‘You were supposed to be optimistic, you were supposed to give us hope. Instead you are only proposing despair.’ A letter to Israel’s best known Hebrew-language Palestinian author, columnist and entertainer, who after the racism and violence of recent weeks wrote that he’s lost hope in coexistence.
By Maisalon Dallashi
You broke my heart when you cried out in your weekly Haaretz column. You’ve made the tears trickle down of their own accord. You made me want to escape out of my body and run. This is not how I imagined our first meeting. In my mind I saw a more optimistic encounter in which I described your great and scorching columns to you, those that left a spark of hope in me.
After I read your column I was not afraid to step out of my house. I relied upon my Ashkenazi appearance to finally be of good use. I escaped to where I always do when the world is too suffocating, to a viewpoint that looks over the sea from the old city of Jaffa.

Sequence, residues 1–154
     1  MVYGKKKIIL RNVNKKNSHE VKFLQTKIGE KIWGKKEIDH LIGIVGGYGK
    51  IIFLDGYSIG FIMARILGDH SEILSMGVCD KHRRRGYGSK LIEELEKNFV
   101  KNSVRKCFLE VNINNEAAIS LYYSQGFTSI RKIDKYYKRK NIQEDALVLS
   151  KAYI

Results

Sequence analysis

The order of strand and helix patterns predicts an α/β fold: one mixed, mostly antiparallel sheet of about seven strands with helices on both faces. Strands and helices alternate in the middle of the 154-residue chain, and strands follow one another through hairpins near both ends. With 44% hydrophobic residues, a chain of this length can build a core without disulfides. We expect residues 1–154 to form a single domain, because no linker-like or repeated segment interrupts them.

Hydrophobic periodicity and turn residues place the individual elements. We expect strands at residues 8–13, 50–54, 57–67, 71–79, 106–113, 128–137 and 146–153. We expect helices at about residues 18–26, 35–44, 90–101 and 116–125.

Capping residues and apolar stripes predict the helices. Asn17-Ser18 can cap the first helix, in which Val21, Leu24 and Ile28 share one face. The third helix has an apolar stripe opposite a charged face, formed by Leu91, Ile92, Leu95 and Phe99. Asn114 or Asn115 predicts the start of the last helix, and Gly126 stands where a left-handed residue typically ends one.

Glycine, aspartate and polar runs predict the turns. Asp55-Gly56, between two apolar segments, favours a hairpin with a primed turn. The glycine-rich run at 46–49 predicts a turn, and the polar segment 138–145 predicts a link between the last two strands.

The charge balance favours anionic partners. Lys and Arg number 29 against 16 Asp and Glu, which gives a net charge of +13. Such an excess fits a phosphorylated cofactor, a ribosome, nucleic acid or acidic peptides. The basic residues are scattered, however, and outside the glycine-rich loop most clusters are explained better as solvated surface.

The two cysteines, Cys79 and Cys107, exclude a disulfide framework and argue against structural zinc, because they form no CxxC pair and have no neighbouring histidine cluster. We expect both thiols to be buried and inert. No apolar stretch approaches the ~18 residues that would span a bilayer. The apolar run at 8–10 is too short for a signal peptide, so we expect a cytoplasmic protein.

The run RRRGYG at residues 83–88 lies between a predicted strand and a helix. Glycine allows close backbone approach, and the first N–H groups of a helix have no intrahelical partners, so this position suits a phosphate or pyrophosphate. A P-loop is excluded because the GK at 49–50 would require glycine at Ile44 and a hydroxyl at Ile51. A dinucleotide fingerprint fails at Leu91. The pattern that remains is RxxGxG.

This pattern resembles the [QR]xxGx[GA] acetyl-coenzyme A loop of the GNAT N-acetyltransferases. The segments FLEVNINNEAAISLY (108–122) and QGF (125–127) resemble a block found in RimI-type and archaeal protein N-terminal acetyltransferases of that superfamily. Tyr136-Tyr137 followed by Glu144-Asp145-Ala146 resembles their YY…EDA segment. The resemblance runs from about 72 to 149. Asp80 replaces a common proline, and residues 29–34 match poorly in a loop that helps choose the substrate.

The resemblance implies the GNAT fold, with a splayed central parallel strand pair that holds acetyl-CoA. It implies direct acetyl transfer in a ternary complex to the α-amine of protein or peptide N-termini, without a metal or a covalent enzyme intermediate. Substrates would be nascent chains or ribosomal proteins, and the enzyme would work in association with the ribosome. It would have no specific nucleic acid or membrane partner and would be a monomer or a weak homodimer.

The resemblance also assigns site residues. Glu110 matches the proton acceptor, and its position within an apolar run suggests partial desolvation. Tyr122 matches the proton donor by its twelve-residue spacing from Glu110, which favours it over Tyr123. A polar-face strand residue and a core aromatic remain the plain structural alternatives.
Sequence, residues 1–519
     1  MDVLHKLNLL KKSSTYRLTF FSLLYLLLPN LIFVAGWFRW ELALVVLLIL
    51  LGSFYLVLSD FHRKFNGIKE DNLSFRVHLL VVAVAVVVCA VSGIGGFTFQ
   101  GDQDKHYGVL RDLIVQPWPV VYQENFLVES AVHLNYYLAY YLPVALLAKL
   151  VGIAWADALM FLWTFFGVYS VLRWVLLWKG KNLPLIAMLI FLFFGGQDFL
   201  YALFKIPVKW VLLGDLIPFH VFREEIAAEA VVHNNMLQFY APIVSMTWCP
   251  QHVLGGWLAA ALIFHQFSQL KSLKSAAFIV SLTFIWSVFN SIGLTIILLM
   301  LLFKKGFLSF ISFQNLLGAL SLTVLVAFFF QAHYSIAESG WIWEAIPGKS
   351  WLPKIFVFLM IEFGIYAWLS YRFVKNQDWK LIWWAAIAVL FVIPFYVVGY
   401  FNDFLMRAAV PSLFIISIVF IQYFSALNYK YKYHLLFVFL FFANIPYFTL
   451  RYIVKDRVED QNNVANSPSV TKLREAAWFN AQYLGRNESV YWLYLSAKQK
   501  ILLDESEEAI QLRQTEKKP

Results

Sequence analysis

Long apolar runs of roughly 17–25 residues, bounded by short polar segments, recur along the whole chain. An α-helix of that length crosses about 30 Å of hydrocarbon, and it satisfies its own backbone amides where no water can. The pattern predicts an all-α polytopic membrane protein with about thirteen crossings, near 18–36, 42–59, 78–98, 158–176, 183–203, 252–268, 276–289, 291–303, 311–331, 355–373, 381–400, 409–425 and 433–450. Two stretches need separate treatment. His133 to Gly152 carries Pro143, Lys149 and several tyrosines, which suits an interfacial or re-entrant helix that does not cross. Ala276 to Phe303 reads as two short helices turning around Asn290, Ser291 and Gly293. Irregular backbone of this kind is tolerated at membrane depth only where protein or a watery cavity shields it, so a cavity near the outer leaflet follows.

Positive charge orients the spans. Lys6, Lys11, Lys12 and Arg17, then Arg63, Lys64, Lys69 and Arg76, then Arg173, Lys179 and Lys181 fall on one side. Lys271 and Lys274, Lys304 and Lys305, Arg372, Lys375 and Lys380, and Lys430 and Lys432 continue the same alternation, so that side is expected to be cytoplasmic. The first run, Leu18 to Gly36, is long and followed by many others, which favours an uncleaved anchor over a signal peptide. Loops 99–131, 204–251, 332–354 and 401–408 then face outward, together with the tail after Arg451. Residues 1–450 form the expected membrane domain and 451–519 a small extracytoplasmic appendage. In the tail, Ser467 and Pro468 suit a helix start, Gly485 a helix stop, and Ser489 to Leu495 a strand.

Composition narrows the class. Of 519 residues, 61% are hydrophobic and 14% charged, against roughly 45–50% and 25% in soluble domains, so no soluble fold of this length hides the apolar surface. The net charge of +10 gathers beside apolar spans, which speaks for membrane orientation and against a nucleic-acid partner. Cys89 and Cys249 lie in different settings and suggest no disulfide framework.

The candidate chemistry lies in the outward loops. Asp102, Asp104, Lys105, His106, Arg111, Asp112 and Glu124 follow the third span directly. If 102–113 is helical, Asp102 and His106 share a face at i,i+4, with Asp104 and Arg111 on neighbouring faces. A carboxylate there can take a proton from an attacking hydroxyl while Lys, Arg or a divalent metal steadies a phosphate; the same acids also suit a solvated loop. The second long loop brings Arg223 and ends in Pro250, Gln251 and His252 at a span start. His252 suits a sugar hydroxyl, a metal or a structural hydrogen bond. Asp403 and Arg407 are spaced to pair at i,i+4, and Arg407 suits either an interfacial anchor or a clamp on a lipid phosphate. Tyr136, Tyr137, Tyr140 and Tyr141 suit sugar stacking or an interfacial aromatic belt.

On my way I passed through the alleys of the flea market, a place that has become into a major hit among the trendy middle-class people of Tel Aviv and the area. I saw a sign there greeting the Muslims for the month of the Ramadan. It was hung above one of the Arab coffee shops, perhaps the only Arab coffee shop there. Nice.
I searched for spelling or grammar typos in the greeting’s text and could not find any. Even more surprising and wonderful! I must have gotten used to embarrassing and neglectful mistakes in Arabic signs, like those where the dot is placed over the wrong alphabetical letter and the sign turns into a joke, and not to mention translations of street signs, which...Read More